When you drive a wagon, you usually need the space.
And so it was with the 2012 Toyota Prius V, in which we hauled holiday gifts, heavy sagging boxes of old car magazines, furniture, and other life impedimentia over a 10-day, 650-mile test drive that spanned late December and early January.
It's a good hauler, with a more spacious rear seat and much larger load bay than the standard Prius five-door hatchback.
Rock-solid 40 mpg
And, to get the inevitable question out of the way, we averaged precisely 40.0 miles per gallon over the test period.
That's slightly lower than the EPA test figures, which are 44 mpg city, 40 mpg highway, for a combined rating of 42 mpg.
While that may appear notably lower than the 50-mpg combined rating for the hatchback Prius, assuming $4-per-gallon gasoline, the difference between the two cars would be only $15.25 every 1,000 miles. Moral of the story: It won't be a huge penalty to upsize to the Prius V wagon.
2012 Toyota Prius V hybrid wagon, test drive in Catskill Mountains, Jan 2012Enlarge Photo
Also, our route included quite a lot of hills and valleys throughout the rural parts of New York state, and more high-speed travel than around-town errand-running.
So we expected our mileage to be closer to the highway number than the combined figure--and it was.
Big loads, small power
We also loaded up the car with enough stuff over part of our run that it was noticeably slower in acceleration.
And that points out what's probably our major drawback with the Prius V hybrid wagon: Because it has the same powertrain as the hatchback, but is bigger and 300 pounds heavier, it feels slower and even less fun to drive.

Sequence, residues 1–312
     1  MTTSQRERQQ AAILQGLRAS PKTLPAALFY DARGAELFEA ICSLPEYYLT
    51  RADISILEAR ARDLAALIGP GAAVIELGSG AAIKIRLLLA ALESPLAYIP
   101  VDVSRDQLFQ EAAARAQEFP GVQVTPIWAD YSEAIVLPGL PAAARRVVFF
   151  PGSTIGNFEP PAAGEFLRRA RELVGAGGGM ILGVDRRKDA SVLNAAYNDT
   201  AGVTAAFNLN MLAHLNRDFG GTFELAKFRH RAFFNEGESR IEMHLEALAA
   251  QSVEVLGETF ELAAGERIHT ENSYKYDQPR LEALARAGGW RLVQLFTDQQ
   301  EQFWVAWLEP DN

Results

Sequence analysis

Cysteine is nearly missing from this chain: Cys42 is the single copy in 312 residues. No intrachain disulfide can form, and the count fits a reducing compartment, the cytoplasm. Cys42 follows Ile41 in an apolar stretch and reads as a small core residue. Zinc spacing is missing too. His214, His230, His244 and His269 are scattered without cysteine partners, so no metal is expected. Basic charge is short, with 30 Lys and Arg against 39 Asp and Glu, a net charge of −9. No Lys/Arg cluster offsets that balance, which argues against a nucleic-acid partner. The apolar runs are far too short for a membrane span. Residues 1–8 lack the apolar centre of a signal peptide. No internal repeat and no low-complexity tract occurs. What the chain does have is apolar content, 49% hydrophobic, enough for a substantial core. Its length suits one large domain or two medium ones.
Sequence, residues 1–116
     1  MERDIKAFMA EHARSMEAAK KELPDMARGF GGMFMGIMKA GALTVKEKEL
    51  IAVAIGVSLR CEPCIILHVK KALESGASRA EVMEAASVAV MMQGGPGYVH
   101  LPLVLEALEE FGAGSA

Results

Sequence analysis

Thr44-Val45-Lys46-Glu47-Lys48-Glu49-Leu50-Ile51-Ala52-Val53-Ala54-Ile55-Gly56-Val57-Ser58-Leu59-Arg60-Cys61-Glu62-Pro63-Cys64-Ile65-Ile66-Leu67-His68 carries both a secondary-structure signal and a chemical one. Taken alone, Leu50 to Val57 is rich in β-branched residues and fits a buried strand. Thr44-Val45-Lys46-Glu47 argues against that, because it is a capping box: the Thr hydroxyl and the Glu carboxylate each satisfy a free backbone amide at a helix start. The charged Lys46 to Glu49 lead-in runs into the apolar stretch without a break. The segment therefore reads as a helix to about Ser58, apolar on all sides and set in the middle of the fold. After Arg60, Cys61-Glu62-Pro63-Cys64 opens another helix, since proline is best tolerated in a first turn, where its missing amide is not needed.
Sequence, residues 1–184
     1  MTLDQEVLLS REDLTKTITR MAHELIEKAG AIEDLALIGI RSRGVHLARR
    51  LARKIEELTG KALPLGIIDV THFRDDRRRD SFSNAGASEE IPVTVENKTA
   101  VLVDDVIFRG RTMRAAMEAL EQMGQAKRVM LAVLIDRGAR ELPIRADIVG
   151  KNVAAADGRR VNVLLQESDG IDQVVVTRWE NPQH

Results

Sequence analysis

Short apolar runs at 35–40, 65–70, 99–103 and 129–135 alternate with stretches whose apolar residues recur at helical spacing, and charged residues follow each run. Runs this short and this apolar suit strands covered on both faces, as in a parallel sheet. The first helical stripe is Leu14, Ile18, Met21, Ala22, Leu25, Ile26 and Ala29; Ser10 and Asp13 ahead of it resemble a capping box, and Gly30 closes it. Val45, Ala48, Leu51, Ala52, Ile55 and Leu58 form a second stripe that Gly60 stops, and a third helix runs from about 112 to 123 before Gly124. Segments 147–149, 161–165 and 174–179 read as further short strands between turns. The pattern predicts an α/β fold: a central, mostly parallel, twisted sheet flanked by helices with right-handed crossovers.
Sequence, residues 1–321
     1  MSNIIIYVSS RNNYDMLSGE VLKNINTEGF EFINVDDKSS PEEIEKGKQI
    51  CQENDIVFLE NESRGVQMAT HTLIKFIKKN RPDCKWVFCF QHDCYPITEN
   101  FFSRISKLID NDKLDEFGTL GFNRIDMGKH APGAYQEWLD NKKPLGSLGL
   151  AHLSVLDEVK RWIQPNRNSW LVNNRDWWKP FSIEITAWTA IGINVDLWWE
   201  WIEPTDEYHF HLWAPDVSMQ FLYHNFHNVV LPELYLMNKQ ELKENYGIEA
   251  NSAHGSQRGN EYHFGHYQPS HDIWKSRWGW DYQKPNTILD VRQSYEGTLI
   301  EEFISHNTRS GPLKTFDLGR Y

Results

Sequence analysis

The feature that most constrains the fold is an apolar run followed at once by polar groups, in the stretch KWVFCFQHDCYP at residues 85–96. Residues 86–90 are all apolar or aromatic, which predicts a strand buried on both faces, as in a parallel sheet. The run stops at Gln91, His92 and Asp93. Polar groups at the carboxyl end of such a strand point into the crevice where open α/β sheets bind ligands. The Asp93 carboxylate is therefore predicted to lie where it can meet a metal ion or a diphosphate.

MORE: 2012 Toyota Prius V Wagon: First Drive Review (May 2011)
The Prius V uses the same 98-horsepower, 1.8-liter four-cylinder engine and Toyota Hybrid Synergy drive system as the hatchback, along with a very slightly reshaped nickel-metal-hydride battery pack mounted under the front of the load-deck floor.
That plus a pair of electric motor-generators creates an electronic continuously variable transmission that independently controls engine speed, engine and motor power delivery to the wheels, and regeneration to recharge the nickel-metal-hydride battery pack under the rear load deck.
2012 Toyota Prius V station wagon, Half Moon Bay, CA, May 2011Enlarge Photo
That means the 2012 Prius V gets around town fine, but offers little extra margin of acceleration when, say, it's heading up 2 or 3 miles of steep, rural two-lane road with two adults and hundreds of pounds of cargo in the rear.
The Prius wagon maintained its speed, but even with accelerator pedal flat on the floor, there just wasn't anything more there. Not a single additional mile per hour.
So with a growing line of pickup trucks and other vehicles behind us, we wound up the hill at a steady 58 mph until the road leveled out and we could return to the speed-limit-plus-10-mph customs of the area.
As long as we're grumbling, let's get some other complaints out of the way: